Estate of Melvin W. Ballantyne, Deceased, Jean S. Ballantyne, Independent Executrix, and Jean S. Ballantyne - Page 22

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          sales must be allocated in accordance with the partners’                    
          interests in BBP.                                                           
               We note that the estate relies on the following language in            
          Boynton v. Commissioner, 72 T.C. 1147 (1979), affd. 649 F.2d 1168           
          (5th Cir. 1981), to support its position and define the term                
          “distributive share”:                                                       
               However, the power of the partners to fix their overall                
               “distributive” shares is subject to another and more                   
               sweeping limitation, namely, that the purported                        
               allocations of income and losses nominally made in the                 
               partnership agreement must be bona fide in the sense                   
               that they are genuinely in accord with the actual                      
               division of profits and losses inter sese which the                    
               partners have in fact agreed upon among themselves.                    
               Thus, if provisions of the partnership agreement itself                
               effectively spell out how the profits are required to                  
               be divided and how the losses are required to be borne,                
               the “distributive” shares of the partners will be                      
               determined in accordance with such provisions, rather                  
               than by an artificial label in the agreement which                     
               characterizes as “distributive” an entirely different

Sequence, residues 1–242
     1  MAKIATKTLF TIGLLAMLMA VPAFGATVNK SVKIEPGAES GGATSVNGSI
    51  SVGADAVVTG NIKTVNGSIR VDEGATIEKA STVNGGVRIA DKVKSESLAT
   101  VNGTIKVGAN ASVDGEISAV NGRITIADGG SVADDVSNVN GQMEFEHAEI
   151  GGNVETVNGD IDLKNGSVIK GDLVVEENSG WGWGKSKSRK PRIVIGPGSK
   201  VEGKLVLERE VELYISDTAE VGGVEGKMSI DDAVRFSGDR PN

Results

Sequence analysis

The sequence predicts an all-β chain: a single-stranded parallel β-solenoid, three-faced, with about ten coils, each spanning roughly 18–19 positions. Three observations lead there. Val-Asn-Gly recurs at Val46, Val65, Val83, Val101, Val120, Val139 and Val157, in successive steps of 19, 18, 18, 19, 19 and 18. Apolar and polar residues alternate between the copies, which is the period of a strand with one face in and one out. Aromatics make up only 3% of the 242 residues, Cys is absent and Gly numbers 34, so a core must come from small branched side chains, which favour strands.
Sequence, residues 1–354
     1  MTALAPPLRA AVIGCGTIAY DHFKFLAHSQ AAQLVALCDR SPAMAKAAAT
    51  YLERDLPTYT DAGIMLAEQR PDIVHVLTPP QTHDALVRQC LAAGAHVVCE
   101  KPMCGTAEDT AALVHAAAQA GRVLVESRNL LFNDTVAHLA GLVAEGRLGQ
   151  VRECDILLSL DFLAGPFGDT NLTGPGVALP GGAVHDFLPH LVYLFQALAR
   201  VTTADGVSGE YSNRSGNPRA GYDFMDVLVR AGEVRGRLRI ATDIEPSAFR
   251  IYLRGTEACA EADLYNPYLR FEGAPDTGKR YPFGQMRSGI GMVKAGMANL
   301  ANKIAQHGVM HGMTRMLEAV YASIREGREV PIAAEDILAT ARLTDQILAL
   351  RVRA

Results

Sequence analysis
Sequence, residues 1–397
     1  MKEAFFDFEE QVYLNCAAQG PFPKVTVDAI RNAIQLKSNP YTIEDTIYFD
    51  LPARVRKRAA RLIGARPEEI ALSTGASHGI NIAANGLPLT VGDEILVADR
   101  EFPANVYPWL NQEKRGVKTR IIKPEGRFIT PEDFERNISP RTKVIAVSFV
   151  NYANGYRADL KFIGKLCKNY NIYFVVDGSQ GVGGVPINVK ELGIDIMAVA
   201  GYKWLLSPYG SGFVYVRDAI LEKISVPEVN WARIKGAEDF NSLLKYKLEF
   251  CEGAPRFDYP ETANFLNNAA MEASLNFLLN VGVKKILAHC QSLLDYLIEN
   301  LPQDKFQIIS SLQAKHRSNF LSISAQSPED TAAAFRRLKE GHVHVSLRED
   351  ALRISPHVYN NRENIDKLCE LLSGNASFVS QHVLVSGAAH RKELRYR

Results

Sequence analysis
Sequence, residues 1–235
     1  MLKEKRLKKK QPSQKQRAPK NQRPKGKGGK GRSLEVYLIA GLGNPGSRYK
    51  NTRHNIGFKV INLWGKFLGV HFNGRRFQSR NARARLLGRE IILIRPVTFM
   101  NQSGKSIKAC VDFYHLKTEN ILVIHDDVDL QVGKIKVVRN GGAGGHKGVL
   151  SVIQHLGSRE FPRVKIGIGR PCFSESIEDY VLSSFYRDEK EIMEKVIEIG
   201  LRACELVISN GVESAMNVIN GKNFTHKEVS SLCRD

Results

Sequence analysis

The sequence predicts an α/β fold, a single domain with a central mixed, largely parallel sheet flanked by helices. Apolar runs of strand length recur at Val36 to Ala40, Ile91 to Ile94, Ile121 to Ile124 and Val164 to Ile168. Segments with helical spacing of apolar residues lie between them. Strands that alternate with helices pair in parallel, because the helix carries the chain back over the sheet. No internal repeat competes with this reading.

allocation of profits and losses, and which has meaning                
               in terms of the partnership agreement only in respect                  
               of the partners’ liability to the Internal Revenue                     
               Service.  This does not mean that the partners are                     
               precluded from fixing their distributive shares in any                 
               manner they choose.  What it does mean is that in                      
               construing the partnership agreement, the formula which                
               they select for actually dividing profits and                          
               apportioning losses among themselves will be                           
               determinative of their “distributive” shares, rather                   
               than a different formula arbitrarily included in the                   
               agreement which is to be applicable only for the                       
               purpose of filing income tax returns, and which is to                  
               have no legal consequences in respect of their rights                  
               against one another.  In short, where one provision of                 
               the agreement which purports to characterize as                        
               “distributive” a certain division of profits and losses                
               is contradicted by another provision which legally                     
               fixes the rights of the partners inter sese, it is the                 
               latter provision, rather than the former, which                        
               establishes the “distributive” shares of the partners                  

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